There are major disruptions in global trade due to factors like trade wars and Brexit, according to Babar Badat, president of the International Federation of Freight Forwarders Associations (FIATA).
"Protectionism is occurring and the premise of the World Trade Organisation (WTO) is being challenged," he said at the opening of the FIATA conference in Cape Town on Wednesday. "These are times with challenges we have never seen before. It means the reduction of trade and our industry is affected in the front line."
He said for FIATA – the largest organisation in the logistics and supply chain industry in the world – seamless connectivity is very important.
"Governments need to put investment into infrastructure and the private sector must have good connections with governments and associations to create seamless trade connections," said Badat.
"We must have collective thinking in our industry for trade to grow."
Risk of eroding previous gains
Basil Pietersen, chair of the South African Association of Freight Forwarders (SAAFF) agreed that no one can do anything on his or her own in this industry.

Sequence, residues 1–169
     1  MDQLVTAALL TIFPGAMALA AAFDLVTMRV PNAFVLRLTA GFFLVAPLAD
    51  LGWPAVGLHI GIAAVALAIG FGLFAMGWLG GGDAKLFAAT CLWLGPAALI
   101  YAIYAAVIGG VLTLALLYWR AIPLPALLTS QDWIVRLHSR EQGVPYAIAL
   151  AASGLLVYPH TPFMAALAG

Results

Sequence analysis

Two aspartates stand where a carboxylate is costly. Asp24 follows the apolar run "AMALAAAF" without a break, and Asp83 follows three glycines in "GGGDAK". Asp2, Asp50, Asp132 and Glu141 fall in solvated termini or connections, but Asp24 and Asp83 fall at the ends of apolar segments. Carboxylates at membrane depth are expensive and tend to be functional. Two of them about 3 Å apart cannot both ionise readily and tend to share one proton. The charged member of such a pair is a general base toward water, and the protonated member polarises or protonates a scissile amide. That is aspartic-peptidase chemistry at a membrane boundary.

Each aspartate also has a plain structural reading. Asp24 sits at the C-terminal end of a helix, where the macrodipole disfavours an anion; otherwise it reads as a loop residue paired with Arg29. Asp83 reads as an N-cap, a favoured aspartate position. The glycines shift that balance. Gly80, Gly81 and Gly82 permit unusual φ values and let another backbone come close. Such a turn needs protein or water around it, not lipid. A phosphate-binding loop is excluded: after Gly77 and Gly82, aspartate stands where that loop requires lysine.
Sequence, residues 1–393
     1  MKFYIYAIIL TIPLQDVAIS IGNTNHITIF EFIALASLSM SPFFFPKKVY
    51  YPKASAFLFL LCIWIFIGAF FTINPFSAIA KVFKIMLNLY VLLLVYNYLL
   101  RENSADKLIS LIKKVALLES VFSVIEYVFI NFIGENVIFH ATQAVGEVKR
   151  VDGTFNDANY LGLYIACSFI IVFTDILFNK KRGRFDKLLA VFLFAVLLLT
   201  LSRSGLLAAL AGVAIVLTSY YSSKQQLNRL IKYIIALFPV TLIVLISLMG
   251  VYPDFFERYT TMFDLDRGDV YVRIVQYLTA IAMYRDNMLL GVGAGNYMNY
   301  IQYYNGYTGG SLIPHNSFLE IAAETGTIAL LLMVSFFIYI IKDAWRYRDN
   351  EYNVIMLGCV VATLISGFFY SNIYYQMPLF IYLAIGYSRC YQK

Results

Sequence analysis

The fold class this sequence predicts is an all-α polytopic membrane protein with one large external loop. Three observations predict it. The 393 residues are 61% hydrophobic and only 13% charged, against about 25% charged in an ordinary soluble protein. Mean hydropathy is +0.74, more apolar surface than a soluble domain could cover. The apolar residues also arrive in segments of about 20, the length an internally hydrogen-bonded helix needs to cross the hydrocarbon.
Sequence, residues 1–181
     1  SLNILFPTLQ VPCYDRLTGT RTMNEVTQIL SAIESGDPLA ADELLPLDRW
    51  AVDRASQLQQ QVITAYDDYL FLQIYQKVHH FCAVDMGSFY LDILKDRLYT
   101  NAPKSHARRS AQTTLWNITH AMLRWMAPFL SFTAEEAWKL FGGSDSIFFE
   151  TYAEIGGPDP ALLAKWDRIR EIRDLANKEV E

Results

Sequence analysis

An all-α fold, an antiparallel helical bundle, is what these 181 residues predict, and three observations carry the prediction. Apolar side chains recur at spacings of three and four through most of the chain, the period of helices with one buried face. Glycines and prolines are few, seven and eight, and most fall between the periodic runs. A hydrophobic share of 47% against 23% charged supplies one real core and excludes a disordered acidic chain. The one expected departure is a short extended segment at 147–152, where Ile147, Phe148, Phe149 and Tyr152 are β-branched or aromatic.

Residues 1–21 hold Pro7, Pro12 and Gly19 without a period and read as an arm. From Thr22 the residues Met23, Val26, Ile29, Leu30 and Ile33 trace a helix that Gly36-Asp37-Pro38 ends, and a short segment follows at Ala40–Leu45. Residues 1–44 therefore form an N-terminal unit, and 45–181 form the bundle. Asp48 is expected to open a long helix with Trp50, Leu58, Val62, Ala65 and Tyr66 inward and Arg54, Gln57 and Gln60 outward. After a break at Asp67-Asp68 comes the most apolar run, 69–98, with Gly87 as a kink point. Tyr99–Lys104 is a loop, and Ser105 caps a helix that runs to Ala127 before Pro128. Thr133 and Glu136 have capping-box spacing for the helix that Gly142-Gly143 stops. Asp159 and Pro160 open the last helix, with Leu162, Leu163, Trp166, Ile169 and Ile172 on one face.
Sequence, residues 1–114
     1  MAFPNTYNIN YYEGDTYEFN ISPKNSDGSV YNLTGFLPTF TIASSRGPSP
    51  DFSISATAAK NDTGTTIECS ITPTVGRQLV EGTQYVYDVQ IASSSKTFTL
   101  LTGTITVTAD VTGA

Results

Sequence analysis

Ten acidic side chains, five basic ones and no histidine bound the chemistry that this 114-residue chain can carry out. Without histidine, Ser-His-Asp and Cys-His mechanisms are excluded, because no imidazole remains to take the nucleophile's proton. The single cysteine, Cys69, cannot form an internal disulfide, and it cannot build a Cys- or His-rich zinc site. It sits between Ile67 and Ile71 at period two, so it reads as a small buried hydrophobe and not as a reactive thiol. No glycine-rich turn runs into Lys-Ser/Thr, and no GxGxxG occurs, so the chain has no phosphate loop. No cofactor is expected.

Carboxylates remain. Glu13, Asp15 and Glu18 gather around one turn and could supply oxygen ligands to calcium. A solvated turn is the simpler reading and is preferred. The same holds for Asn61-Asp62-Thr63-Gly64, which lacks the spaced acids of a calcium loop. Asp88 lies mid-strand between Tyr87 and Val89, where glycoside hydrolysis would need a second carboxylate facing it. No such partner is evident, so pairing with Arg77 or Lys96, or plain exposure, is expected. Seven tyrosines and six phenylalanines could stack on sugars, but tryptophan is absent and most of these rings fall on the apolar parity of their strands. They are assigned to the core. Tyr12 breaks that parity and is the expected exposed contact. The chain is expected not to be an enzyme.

"We have to come together to build this industry. If we do not do that, all the hard work we have done over the years would have been for nothing," said Pietersen.
"The industry is changing and market dynamics all over the world calls for rethinking due to technology."
Free trade crucial
DA member of Parliament Geordin Hill-Lewis told delegates that it was critical to keep on making a good case for free trade.
"Beyond the personalities involved in global trade disputes we have to make the case for why free trade is good for the poorest of the poor in the developing world. The evidence is unquestionable," said Hill-Lewis.
"More open trade has yielded the greatest increase in wellbeing for our common society across the globe."
He would like to see SA focusing more on trade with other African countries. Currently only 10% of SA trade is with other African countries.
"We hear of the difficulty SA companies face to move goods further north into Africa. That is why we are excited about the African free trade agreement and we are trying to push that, because we have to focus on easier and faster intra-Africa trade," said Hill-Lewis.